“What could be wrong with stretching, twisting, bending, breathing, sweating it out and getting the body in shape, regardless of the method used?” asks Mike Shreves in his article, Five Main Reasons Why I No Longer Practice Hatha Yoga!  (  Having taught Kundalini Yoga at four universities in Florida, he continues, “Absolutely nothing if that’s all there was to it. However, there are some definite negatives that are almost always, to one degree or another, attached to a yoga experience. Usually, this makes it, not only unwise, but ill-advised for Christians to participate.”

In her article Yoga 101: A Beginner’s Guide to Practice, Meditation, and the Sutras ( Cyndi Lee introduces yoga… “The word yoga, from the Sanskrit word yuj means to yoke or bind and is often interpreted as “union” or a method of discipline.”  Had I not been warned that there are potential dangers in the practise, I would have ignored the other definitions and would have immediately accepted that it was simply a method of discipline.  However, isn’t the word defined as yoke or bound?  Should anyone be concerned?  Did she clarify what one would eventually be yoked or bound to?  I am of the impression that mankind has been fighting  to break free from the shackles and ways of the world.  Why would one, then, want to be yoked or bound once again?

She expands, “The Indian sage Patanjali is believed to have collated the practice of yoga into the Yoga Sutra an estimated 2,000 years ago. The Sutra is a collection of 195 statements that serves as a philosophical guidebook for most of the yoga that is practiced today. It also outlines eight limbs of yoga.”  She continues by explaining each.  The pratyahara and the Samadhi limbs, in particular, disturb me.  Pratyahara is defined as “withdrawal of senses” while Samadhi is defined as “absorption”.  I believe that not only has God given us our senses to enable us to enjoy the beauty of this world, but they are also given so we can discern the danger around us.  Have any of the yoginis (those who practise yoga) considered the dangers caused by withdrawing their senses?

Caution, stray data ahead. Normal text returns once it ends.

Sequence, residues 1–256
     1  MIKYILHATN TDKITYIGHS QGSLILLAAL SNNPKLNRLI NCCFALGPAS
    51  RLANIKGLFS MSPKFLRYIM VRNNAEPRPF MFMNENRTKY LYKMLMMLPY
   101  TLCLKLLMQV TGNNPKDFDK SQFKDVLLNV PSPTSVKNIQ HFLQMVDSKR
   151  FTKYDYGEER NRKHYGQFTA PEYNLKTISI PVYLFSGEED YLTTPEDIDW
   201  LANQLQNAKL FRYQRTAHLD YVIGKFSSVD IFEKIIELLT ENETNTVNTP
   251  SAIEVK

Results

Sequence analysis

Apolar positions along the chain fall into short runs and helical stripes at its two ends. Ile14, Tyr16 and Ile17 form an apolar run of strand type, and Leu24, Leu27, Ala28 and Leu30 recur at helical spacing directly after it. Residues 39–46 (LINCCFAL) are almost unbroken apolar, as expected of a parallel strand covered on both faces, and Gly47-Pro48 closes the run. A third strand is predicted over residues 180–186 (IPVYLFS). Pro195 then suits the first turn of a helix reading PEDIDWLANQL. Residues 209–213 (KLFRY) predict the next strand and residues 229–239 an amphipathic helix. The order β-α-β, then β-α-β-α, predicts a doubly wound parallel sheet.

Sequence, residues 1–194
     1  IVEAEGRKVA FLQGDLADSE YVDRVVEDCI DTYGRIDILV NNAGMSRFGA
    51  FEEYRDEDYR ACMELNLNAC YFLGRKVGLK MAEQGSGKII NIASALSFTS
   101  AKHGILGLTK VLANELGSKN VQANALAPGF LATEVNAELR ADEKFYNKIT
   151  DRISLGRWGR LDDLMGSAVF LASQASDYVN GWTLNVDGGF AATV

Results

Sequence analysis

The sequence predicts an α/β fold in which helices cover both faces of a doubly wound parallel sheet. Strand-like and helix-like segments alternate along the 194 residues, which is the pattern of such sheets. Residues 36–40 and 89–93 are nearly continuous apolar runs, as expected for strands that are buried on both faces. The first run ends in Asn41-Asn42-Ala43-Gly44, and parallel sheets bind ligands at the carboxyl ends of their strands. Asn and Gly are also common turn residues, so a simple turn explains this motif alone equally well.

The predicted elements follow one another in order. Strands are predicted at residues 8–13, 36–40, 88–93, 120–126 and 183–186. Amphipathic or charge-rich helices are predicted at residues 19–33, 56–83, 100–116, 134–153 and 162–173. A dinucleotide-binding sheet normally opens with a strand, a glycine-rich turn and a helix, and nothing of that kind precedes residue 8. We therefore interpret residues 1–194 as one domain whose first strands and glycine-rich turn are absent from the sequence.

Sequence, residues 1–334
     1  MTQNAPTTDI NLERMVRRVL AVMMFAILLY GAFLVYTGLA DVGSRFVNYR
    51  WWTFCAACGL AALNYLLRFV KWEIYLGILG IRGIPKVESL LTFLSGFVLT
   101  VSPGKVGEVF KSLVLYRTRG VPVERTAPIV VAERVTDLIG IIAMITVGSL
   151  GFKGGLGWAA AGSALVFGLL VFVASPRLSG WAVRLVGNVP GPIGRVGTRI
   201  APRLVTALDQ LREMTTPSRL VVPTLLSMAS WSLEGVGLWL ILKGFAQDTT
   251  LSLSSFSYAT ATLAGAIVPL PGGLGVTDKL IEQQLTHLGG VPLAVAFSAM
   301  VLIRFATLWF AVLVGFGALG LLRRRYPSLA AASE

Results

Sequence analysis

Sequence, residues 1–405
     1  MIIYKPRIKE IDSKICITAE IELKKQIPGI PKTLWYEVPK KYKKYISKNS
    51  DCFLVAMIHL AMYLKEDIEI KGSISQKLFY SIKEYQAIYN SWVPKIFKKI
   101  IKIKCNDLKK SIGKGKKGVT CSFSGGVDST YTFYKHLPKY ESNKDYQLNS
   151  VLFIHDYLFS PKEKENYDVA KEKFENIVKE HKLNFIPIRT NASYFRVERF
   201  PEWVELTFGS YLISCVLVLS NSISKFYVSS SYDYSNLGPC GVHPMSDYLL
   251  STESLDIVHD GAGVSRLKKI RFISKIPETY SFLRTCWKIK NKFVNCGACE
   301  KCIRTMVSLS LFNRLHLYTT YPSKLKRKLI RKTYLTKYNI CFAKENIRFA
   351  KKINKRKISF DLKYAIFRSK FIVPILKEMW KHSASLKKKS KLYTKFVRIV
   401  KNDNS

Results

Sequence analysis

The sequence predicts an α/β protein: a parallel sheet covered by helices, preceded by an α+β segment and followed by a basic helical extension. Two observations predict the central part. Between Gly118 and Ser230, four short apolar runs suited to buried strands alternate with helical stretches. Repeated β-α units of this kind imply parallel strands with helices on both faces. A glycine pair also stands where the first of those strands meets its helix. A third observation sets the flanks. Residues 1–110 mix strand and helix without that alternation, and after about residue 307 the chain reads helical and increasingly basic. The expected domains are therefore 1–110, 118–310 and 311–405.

Leprosy is a disease which diminishes the sense of touch.  Those who are infected are well aware of the potential dangers they now face because their sense of touch can no longer warn them of the proximity of fire or a hot liquid nor can they feel when they have injured or cut themselves.  As to the Samadhi (absorption)limb, I would be very careful about this as one should be very clear about what one is absorbing.  Subliminal messages come to mind.  Lee further mentions that the Sutra is a collection of 195 statements which serves as yoga’s philosophical guidebook.  Are the yoginis aware of what these statements are?   Ignorance IS dangerous…

“The word hatha means willful or forceful.  Hatha yoga refers to a set of physical exercises (known as asanas or postures), and sequences of asanas, designed to align your skin, muscles, and bones. The postures are also designed to open the many channels of the body—especially the main channel, the spine—so that energy can flow freely.”  Lee fails to expand that the energy released is the Kundalini force cautioned about in Part 1 of this reflection.

“Hatha is also translated as ha meaning “sun” and tha meaning “moon.” This refers to the balance of masculine aspects—active, hot, sun—and feminine aspects—receptive, cool, moon—within all of us. Hatha yoga is a path toward creating balance and uniting opposites. In our physical bodies we develop a balance of strength and flexibility. We also learn to balance our effort and surrender in each pose.”  Surrender to whom or what?